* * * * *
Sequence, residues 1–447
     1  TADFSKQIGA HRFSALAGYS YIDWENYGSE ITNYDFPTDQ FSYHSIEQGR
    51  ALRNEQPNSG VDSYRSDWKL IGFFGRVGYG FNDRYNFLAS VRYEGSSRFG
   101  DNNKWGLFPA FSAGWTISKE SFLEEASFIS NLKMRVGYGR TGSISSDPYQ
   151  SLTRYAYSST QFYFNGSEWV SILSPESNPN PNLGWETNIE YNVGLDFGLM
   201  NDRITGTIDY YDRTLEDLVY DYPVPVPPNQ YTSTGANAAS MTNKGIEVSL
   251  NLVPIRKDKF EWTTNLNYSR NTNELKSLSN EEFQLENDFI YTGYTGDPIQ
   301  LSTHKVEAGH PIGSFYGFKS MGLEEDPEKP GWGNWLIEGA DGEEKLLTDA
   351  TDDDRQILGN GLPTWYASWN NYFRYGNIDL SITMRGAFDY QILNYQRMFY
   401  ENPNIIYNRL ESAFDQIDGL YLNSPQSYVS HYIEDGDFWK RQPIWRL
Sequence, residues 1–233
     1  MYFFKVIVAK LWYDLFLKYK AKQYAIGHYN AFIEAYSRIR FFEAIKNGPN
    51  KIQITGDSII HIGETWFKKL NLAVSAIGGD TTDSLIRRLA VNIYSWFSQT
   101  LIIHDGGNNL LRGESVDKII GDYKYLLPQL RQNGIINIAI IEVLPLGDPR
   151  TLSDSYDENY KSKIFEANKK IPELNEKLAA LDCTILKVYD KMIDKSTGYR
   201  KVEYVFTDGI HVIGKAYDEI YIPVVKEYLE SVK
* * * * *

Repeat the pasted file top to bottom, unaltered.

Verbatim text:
Sequence, residues 1–447
     1  TADFSKQIGA HRFSALAGYS YIDWENYGSE ITNYDFPTDQ FSYHSIEQGR
    51  ALRNEQPNSG VDSYRSDWKL IGFFGRVGYG FNDRYNFLAS VRYEGSSRFG
   101  DNNKWGLFPA FSAGWTISKE SFLEEASFIS NLKMRVGYGR TGSISSDPYQ
   151  SLTRYAYSST QFYFNGSEWV SILSPESNPN PNLGWETNIE YNVGLDFGLM
   201  NDRITGTIDY YDRTLEDLVY DYPVPVPPNQ YTSTGANAAS MTNKGIEVSL
   251  NLVPIRKDKF EWTTNLNYSR NTNELKSLSN EEFQLENDFI YTGYTGDPIQ
   301  LSTHKVEAGH PIGSFYGFKS MGLEEDPEKP GWGNWLIEGA DGEEKLLTDA
   351  TDDDRQILGN GLPTWYASWN NYFRYGNIDL SITMRGAFDY QILNYQRMFY
   401  ENPNIIYNRL ESAFDQIDGL YLNSPQSYVS HYIEDGDFWK RQPIWRL
Sequence, residues 1–233
     1  MYFFKVIVAK LWYDLFLKYK AKQYAIGHYN AFIEAYSRIR FFEAIKNGPN
    51  KIQITGDSII HIGETWFKKL NLAVSAIGGD TTDSLIRRLA VNIYSWFSQT
   101  LIIHDGGNNL LRGESVDKII GDYKYLLPQL RQNGIINIAI IEVLPLGDPR
   151  TLSDSYDENY KSKIFEANKK IPELNEKLAA LDCTILKVYD KMIDKSTGYR
   201  KVEYVFTDGI HVIGKAYDEI YIPVVKEYLE SVK